CAMDEN, Ala. (AP) — Former state Rep. James Thomas has been convicted of having sexual contact with a student, but acquitted of a felony sexual abuse charge.
The victim, now a 19-year-old college student, testified that Thomas, 69, kissed her and forced her to touch his “private parts” in his office at Wilcox-Central High School in Camden in November 2010.

CONVICTED–Former state Rep. James Thomas is pictured Wednesday, Oct. 31, 2012 during his sexual abuse trial in Camden, Ala.

Circuit Judge Jack Meigs ordered Thomas immediately taken into custody and set sentencing for Dec. 13.

Thomas’ attorney, Lewis Gillis of Montgomery, said he will ask the judge to reconsider his decision.

“He has never exhibited that he is a risk of flight. He has a number of health issues,” Gillis said. He said he felt Thomas’s age and health issues would put a strain on the small jail in a rural county.

Gillis said he thought the split verdict was a compromise between jurors who wanted to find Thomas innocent of all charges and those who wanted to convict him of the felony charge. He said he will talk with his client about whether to appeal.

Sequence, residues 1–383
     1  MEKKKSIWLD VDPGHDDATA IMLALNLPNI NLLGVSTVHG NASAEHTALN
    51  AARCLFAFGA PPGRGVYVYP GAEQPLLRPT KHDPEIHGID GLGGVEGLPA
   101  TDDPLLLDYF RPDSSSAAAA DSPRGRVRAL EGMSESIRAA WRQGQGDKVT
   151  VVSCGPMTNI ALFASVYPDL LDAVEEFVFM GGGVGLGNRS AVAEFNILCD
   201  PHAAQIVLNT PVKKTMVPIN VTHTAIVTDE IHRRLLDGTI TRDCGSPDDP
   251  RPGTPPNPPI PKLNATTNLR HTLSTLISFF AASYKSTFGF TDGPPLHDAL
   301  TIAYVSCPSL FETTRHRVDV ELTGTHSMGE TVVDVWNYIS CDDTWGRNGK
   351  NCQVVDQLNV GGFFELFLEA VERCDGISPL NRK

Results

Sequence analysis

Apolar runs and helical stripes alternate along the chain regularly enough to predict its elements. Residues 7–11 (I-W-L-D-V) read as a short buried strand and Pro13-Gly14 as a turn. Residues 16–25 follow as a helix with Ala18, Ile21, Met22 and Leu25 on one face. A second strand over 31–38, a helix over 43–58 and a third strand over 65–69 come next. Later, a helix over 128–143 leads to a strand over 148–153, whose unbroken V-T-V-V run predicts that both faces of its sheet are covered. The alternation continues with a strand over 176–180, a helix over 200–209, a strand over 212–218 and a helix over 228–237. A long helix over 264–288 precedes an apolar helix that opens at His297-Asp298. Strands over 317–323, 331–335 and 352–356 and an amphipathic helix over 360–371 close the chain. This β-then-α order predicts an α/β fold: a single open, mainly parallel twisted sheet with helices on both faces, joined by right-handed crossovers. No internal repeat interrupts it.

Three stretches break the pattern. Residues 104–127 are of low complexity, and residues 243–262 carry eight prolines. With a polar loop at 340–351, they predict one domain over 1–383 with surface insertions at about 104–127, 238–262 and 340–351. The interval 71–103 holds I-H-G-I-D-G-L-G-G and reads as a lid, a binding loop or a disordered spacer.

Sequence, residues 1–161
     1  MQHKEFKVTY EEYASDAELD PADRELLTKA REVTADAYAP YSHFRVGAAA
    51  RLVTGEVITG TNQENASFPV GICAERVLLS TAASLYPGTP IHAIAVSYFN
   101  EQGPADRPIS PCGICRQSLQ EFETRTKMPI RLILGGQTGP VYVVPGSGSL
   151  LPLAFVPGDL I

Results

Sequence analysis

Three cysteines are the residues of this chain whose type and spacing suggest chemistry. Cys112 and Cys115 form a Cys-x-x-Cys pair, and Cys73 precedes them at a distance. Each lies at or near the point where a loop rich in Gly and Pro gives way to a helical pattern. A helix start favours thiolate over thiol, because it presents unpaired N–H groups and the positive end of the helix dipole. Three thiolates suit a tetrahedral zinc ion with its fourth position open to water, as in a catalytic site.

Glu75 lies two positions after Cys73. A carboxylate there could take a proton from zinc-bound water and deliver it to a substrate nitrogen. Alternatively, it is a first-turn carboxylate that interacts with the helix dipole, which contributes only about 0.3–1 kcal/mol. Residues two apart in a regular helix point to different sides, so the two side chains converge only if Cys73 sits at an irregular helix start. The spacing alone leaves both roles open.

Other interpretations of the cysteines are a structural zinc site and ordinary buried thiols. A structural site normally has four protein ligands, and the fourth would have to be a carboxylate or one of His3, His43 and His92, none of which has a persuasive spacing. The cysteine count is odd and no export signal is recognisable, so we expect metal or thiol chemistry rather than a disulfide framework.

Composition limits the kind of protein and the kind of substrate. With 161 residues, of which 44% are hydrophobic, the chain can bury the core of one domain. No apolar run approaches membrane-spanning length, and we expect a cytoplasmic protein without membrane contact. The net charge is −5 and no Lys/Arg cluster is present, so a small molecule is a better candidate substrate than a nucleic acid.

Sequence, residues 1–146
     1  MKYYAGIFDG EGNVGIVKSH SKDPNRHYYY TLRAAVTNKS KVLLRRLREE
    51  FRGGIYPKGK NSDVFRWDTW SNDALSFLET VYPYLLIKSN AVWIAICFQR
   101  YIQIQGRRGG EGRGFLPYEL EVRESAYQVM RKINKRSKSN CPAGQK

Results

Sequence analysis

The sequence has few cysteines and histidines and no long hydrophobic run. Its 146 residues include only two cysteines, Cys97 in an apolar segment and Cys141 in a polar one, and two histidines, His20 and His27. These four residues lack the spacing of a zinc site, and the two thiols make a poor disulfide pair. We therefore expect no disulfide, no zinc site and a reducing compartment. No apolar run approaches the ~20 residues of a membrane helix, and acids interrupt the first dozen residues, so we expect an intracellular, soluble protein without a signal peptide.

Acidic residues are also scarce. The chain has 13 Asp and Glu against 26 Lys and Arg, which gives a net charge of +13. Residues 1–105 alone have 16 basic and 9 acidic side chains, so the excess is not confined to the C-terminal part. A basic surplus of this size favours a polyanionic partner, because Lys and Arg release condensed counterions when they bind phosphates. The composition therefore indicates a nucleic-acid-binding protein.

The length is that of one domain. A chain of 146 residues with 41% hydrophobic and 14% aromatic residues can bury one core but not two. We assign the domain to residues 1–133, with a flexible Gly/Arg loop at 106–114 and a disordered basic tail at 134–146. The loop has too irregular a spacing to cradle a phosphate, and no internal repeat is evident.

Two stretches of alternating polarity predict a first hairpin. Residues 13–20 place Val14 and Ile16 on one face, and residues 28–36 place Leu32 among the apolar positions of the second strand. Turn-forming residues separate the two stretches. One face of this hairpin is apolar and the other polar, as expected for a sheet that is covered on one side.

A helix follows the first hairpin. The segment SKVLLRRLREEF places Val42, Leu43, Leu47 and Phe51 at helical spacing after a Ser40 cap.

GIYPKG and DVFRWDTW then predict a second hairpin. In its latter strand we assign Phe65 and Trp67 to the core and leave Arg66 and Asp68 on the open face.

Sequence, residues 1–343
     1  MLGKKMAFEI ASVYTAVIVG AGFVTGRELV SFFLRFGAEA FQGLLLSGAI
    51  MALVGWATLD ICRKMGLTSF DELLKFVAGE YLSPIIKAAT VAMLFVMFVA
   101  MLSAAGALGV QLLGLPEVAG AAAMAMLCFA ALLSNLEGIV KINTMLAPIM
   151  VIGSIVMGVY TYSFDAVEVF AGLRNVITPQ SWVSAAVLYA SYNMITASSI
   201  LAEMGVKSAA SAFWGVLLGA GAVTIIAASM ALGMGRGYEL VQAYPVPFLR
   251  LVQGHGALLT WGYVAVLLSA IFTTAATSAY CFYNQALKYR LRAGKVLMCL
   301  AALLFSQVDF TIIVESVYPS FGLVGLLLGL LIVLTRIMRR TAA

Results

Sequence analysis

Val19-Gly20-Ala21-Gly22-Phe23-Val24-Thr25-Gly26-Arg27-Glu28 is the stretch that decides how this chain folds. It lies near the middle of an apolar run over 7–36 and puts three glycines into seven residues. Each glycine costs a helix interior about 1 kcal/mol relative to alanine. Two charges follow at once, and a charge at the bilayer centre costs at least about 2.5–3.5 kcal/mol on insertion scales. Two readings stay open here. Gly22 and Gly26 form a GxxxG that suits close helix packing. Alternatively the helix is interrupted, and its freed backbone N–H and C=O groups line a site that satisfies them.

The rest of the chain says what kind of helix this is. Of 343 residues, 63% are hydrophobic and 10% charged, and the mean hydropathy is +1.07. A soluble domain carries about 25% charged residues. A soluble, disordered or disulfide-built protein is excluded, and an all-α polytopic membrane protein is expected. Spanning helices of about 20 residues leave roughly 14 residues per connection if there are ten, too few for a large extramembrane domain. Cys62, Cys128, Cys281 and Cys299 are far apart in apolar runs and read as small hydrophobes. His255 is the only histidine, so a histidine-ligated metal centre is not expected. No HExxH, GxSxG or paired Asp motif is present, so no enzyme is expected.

District Attorney Michael Jackson said Thomas will have to register as a sex offender and won’t be able to continue as principal. He has been on administrative leave for the past two years while he awaited trial.

“This will take him out of the school system for good,” Jackson said.

Thomas served 28 years in the Alabama House representing Wilcox, Dallas, Lowndes and Autauga County before being defeated in the 2010 Democratic Primary. His prosecution is partly based on a law the Legislature passed in 2010 making it a crime for educators to have sexual contact with a student under 19-years-old.

Thomas voted for the legislation when it passed the Alabama House unanimously.

Members of the victim’s family, who sat in the courtroom throughout the three-day trial, clapped when the verdict was announced.

The Associated Press generally doesn’t name alleged victims of sexual abuse.

Jurors started deliberating Thursday afternoon. After about an hour of deliberations, the jury told the judge they were having difficulty reaching a decision but were told to keep working. After considering the case for 2 ½ hours Thursday, the panel left for the day and came back Friday morning.

In closing arguments, Jackson repeated the woman’s testimony.

“You can’t do that to a child,” Jackson told jurors.

Gillis said parts of the woman’s testimony were inconsistent with her earlier statements and with other witnesses. He said the state never proved its case.

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